But, to once again somehow circle around to the main reason for this review, this bizarre idea of a kid's book about this eccentric mathematician. Does it work? Yes, actually it does. Not surprising, it's quirky and playful and a little nutty, and definitely plays up the more child-like aspects of Erdős's life and personality like his obsession of numbers and his playful disdain for everyday life and habits (and not the more adult sides, like his drug use). The book is actually quite light-hearted. LeUyen Pham's artwork very nicely picks up on the mathematical themes with lots of numbers and equations and visual hat-tips to math embedded in the various scenes. It's also clean and a bit retro even, not distracting at all from story.

The notes at the end explain a lot more about Erdős' life and math, something perhaps for the adults reading the book to pick up a bit more than the kids. Which cycles me even further back (recurses, maybe?) to the beginning of the review. Is this a kids book for kids or a kids book for adults? Eh, a little of both. Definitely not something just anybody would pick up for just any kid -- either the adult will likely have a math connection that they want to infect the kid with or perhaps some adult will recognize a kid with a math bug and research math-related kids books and find this one.

Which is kind of too bad. I think any kid would enjoy this book, as would any math-loving adult. It would make a great present for any family with a young kid or as a fun gift for any sciencey person in your life.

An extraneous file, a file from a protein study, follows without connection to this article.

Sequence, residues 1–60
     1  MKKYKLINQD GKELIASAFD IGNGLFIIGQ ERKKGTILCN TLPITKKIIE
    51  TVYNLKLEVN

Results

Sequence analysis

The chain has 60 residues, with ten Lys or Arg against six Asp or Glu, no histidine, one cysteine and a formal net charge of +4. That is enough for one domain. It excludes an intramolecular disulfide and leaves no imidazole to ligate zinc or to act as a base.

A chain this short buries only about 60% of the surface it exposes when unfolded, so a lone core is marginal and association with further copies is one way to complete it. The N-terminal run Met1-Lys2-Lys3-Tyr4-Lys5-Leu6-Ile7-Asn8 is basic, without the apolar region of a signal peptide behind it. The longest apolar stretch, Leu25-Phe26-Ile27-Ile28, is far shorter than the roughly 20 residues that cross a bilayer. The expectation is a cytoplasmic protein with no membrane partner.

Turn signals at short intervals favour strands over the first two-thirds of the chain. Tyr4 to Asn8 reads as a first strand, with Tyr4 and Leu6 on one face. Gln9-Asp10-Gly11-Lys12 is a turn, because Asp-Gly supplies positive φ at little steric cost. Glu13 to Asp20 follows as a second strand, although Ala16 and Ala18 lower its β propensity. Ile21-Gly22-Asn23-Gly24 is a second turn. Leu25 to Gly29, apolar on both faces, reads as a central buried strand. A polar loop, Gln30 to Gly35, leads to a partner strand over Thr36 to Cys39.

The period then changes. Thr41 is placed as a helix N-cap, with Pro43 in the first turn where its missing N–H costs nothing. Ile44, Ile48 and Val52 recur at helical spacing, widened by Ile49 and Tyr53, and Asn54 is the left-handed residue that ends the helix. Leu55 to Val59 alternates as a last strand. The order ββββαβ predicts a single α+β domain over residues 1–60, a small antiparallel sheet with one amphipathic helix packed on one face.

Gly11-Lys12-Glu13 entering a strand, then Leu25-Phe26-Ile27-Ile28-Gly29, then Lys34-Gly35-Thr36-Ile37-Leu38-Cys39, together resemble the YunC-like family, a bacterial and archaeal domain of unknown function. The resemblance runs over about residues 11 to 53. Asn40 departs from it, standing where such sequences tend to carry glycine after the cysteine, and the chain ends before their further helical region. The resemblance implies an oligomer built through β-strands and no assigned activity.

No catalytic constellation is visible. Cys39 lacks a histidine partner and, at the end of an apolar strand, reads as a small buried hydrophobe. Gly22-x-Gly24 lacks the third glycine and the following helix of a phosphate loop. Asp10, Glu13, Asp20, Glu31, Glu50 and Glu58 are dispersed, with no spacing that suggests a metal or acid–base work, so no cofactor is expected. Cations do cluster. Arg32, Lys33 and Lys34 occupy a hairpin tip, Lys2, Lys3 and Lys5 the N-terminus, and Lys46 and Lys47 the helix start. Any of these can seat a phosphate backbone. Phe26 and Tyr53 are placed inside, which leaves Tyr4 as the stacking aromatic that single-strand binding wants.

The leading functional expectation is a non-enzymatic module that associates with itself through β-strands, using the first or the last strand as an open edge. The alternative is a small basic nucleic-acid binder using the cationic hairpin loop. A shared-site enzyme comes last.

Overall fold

And to cycle even further back in time, I first heard about this book at the end of January, at the Ontatio Library Association SuperConference, in the exhibits room. The distributor for the book had a few copies on display and I tweeted a picture of the cover:

Which at one point was the top tweet for the conference! And luckily, while expressing my excitement over the book to the staff at the distributor's both, they were kind enough to give me the copy to take home. A favour I'm returning with this review. Trust me, it was tough waiting until the book was actually released to review it!

Of course, the book is titled The Boy who Loved Math. And we don't all have boys. What about girls that love math? Or who could love math if they had a book with a female role model? What books could we buy for them?

I have some suggestions, although not many that would be for girls in the 3-8 age range that the Erdős appeals to.

Further suggestions of books appealing to girls (and boys) are, of course, welcome in the comments.

Heiligman, Deborah and LeUyen Pham. The Boy Who Loved Math: The Improbable Life of Paul Erdos. New York: Roaring Book Press, 2013. 37pp. ISBN-13: 978-1596433076 (for ages 3-8)

(Advanced Reading Copy provided by publisher/distributer)

(A more math-centric review here.)

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Around the Web: Harvard Libraries' mission, Declaration for the right to libraries and more

Jul 05 2013 Published by under acad lib future, around the web